“I alone cannot change the world, but I can cast a stone across the
water to create many ripples.”
Dear Parents and Guardians,
Bullying, a behavior that hurts, harms, or humiliates someone physically or emotionally, is a serious issue that impacts thousands of students every day. As damaging as bullying may be, there is hope! With education and awareness, bullying can be prevented at school, in neighborhoods, and online.
Here at St. Francis we are creating kinder, more accepting, and more inclusive classroom where fewer students experience bullying, more people speak out, and no one feels alone.
To kick off National Bullying Prevention Month our 6th grade students learned how each act of kindness makes our world a better place. Kindness upon kindness upon kindness is all anyone could ever hope for. These students learned about the impact their lives have on others.
For this lesson, Mrs. Speranzini and I teamed up to conduct a science experiment about the ripple of kindness. We read the book One Good Deed by Terri Fields and Deborah Melmon. This book is a sweet story about how one child’s good deed created an environment of caring and giving that continued to spread from person to person in his neighborhood. We then talked about how even single, simple acts of kindness can create a ripple effect (just like in the story) that can spread throughout a community. One act of kindness can cause happiness in a single person. But, because that one person feels happier, she or he is now more inclined to do something kind for someone else. Be sure to ask your kids what each item in the experiment represented.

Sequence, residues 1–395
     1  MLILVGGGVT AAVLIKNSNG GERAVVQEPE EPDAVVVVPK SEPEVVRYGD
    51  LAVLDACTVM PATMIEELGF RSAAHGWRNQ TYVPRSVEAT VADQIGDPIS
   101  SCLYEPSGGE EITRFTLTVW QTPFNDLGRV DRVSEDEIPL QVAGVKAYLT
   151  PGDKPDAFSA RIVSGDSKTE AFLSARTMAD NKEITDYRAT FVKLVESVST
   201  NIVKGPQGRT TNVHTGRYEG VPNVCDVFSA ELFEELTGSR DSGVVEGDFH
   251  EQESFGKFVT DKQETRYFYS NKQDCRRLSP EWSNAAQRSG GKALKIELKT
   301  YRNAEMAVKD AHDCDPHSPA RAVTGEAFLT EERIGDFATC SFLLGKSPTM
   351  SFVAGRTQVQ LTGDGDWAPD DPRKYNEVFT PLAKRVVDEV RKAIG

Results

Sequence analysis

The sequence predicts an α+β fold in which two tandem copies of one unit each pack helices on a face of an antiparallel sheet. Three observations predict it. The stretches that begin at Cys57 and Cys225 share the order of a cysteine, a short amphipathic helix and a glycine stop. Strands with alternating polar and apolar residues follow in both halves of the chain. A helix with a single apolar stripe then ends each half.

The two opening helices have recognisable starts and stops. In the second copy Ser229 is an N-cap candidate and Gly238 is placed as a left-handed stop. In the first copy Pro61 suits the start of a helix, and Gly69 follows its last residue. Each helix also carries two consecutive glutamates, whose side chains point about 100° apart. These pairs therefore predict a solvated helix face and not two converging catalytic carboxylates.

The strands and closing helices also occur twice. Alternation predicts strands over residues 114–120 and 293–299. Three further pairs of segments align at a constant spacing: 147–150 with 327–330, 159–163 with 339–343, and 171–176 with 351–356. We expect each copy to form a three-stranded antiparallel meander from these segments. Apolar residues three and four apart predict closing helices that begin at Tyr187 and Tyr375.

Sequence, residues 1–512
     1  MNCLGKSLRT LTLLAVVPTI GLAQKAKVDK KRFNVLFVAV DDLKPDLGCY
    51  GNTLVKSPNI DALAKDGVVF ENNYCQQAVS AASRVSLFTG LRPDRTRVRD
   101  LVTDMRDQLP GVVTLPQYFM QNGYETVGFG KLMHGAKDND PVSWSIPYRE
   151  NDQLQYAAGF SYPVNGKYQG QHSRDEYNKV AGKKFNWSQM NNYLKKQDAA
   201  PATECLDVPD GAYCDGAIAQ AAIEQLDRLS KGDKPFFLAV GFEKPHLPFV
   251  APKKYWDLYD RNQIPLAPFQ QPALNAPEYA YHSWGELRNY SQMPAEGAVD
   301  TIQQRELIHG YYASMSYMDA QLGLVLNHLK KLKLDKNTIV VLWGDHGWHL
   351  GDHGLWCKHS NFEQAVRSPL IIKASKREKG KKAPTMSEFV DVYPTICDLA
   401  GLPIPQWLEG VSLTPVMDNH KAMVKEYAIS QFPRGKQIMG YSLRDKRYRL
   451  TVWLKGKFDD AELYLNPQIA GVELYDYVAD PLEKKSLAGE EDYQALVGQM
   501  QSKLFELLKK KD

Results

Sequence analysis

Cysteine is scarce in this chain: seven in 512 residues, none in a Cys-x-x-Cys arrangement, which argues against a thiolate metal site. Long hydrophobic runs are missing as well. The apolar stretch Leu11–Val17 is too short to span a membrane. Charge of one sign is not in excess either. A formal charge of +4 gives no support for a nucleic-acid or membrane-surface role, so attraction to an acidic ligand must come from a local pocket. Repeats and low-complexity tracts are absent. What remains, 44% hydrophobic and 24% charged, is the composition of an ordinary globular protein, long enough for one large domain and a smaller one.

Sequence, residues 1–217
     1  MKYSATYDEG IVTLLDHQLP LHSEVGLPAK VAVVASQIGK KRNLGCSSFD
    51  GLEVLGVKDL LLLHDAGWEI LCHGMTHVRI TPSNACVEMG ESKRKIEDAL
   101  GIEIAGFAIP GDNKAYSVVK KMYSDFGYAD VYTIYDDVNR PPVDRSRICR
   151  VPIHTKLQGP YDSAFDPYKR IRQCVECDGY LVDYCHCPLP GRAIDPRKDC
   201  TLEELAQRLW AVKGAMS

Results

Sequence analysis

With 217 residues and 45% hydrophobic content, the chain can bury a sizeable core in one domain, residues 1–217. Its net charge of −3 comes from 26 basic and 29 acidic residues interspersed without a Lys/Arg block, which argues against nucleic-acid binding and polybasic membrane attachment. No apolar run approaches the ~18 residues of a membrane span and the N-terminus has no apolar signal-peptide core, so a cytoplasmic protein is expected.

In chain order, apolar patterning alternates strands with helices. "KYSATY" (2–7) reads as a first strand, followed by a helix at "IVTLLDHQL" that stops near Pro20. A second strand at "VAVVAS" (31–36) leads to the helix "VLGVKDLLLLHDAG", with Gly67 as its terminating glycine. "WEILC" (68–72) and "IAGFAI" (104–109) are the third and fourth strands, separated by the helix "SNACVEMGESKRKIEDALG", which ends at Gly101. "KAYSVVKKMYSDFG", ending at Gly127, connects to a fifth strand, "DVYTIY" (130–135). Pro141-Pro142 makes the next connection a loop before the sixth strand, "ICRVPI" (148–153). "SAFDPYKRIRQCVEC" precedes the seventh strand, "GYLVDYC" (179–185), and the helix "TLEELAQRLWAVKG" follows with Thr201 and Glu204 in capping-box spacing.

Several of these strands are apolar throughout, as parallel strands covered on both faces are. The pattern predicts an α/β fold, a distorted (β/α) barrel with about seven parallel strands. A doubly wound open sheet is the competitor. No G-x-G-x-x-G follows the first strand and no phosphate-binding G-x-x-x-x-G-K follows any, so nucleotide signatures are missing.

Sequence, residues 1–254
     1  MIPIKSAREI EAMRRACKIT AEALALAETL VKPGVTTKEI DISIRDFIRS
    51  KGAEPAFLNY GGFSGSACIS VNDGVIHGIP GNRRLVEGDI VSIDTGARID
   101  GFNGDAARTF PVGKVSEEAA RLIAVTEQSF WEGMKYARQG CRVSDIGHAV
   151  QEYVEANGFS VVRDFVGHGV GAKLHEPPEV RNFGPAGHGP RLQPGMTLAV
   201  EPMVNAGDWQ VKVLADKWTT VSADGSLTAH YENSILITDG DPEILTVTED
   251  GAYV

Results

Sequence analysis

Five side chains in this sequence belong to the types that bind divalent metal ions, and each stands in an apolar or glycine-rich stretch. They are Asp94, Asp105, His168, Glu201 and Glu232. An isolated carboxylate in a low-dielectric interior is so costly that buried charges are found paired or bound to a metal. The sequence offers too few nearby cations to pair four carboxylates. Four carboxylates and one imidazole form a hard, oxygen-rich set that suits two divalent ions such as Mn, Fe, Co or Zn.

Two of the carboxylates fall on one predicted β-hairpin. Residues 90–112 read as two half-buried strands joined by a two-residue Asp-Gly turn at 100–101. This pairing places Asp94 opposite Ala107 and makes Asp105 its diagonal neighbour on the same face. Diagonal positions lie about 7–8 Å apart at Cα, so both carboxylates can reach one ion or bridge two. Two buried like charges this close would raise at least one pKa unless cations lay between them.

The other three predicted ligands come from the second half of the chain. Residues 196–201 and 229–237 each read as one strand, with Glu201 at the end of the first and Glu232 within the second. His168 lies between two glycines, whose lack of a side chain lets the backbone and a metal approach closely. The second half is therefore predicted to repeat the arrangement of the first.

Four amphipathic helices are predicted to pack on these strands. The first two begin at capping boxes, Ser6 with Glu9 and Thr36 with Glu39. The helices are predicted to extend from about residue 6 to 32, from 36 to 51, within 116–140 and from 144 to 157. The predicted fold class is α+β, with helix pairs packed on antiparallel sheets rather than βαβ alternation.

What is bullying? At first glance, many people might think this behavior is easy to define. Their first image of bullying might be of a physically intimidating boy beating up a smaller classmate. While that would still be considered bullying today, parents need to know that bullying behavior can be much more complex and varied than the stereotype. For example, harmful bullying can also occur quietly and covertly, or through gossip or the Internet, and can cause significant emotional damage.
The definition of bullying will vary by school and state. While there are significant differences between definitions, most include the following traits:
- Behavior that hurts or harms another person physically or emotionally.
- An inability for the target to stop the behavior and defend themselves.
- An imbalance of power that occurs when the student doing the bullying has more physical, emotional, or social power than the target.
- Repetitive behavior; however, bullying can occur in a single incident if that incident is either very severe or arises from a pattern of behavior.
The types of Bullying: The behavior can be overt and direct, with physical behaviors, such as fighting, hitting or name calling, or it can be covert, with emotional-social interactions, such as gossiping or leaving someone out on purpose. Bullying can also happen in-person, online or through smart phones and texts.
Help your child identify bullying. If your child tells you about a situation and you aren’t sure if it’s bullying, use this checklist:
- Does your child feel hurt, either emotionally or physically, by the other child’s behavior?
- Has your child been the target of the negative behavior more than once?
- Does your child want the behavior to stop?
- Is your child unable to make the behavior stop on their own?
If the response to one or more of these questions is “yes,” the more likely it is that the behavior would be considered bullying.